The relationship between specialty provider organizations and health plans has changed dramatically during the last 10 years as a result of the many shifts in the health and human services market that are adding competitive pressure across the spectrum. In response, provider organization executive teams are forging new, and in some cases “preferred” relationships with health plans.
This means two things: Provider organizations need to upgrade their health plan marketing approach (see Health Plan Business Development For The Entrepreneurial Provider Organization—Step-By-Step), and they need to recognize that landing the contract is just the first step. Successfully managing value-based reimbursement (VBR) contracts and the health plan relationship is equally important. The OPEN MINDS team designed a seven-part checklist for health plan relationship management:
- Make relationship development part of your strategy
- Build a performance culture
- Focus on consumer marketing
- Embrace great customer service
- Invest (and re-invest) in performance measures
- Invest (and re-invest) in technology
- Commit to evidence-based practices (EBP)
Make relationship development part of your strategy—It’s hard to underestimate the importance of “pull” versus “push” marketing on the new provider/health plan relationships to ensure payers know about your unique services. Building and maintaining trust helps create a mutually beneficial partnership and should be part of your strategic plan. Create opportunities for formal touch points (scorecard reviews) and informal touch points (meeting with health plan representatives) that reinforce the value of the relationship (see Health Plan Relationship Building Skills Key To VBR Success).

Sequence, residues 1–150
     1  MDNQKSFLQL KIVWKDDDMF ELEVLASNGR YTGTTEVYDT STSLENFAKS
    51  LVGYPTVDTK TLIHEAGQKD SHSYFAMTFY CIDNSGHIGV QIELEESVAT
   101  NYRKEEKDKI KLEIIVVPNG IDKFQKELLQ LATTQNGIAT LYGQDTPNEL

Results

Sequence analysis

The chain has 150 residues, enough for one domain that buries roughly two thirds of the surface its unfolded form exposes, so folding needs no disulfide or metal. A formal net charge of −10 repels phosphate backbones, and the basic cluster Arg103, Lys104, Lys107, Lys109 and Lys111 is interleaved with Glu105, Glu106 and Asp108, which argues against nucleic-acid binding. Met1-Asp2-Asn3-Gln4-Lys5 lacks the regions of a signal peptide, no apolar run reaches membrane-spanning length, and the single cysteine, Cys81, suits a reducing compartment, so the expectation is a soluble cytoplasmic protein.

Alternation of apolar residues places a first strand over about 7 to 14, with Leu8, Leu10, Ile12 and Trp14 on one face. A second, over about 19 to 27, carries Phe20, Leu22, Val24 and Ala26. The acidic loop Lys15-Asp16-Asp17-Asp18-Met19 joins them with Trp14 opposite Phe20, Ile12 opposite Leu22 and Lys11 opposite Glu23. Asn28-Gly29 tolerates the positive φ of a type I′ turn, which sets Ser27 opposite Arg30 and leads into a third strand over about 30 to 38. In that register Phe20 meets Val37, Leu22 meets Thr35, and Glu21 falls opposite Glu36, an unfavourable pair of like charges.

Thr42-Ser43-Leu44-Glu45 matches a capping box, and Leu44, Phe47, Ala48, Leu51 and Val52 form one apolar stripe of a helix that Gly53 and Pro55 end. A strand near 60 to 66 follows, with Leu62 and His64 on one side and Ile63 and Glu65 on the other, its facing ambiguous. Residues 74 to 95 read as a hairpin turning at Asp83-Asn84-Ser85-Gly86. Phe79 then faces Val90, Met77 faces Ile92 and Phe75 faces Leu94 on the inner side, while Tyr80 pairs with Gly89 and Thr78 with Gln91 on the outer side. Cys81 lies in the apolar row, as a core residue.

Build a performance culture—When it comes to building positive and mutually beneficial relationships with health plans, providers have to move past the love/hate relationship with health plans and embrace them as part of the team. To shift to a performance-oriented culture, encourage education, adaptability, change management, and accountability at all levels of the organization. A reliance on metrics will lead to investment in staff performance reviews that use key performance indicators (see Challenges In Changing To A Culture Of Value (Or Making Any Culture Change), which helps create a balanced and unbiased playing field for discussions internally and with stakeholders.
Focus on consumer marketing—Once you strike a deal with health plans and begin to provide services for their members, maximizing the necessary revenue might take a new investment or a re-commitment to consumer marketing. Executive teams should revisit their approaches to brand development, reputation-building exercises, and web optimization to highlight unique services and reinforce value with consumers as well as health plans (see The “M” Word In Health & Human Services Strategy—Why Marketing Should Be Part Of The Everyday Conversation). Here is a quick list of key elements for consumer marketing:
- Offering the right services, with the right positioning, at the right price
- Invest in “pull-marketing” techniques for payers and referral sources
- Invest in marketing materials (print and online)
- Prioritize web content planning, website design, and web search optimization
- Maintain brand, reputation, and relationship with referral sources and consumers
- Build customer web functionality that integrates with service delivery